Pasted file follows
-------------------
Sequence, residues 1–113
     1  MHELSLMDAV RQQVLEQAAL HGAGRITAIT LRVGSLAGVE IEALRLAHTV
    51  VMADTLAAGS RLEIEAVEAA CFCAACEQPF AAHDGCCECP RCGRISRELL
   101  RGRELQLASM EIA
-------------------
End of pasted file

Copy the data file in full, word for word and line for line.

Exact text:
Sequence, residues 1–113
     1  MHELSLMDAV RQQVLEQAAL HGAGRITAIT LRVGSLAGVE IEALRLAHTV
    51  VMADTLAAGS RLEIEAVEAA CFCAACEQPF AAHDGCCECP RCGRISRELL
   101  RGRELQLASM EIA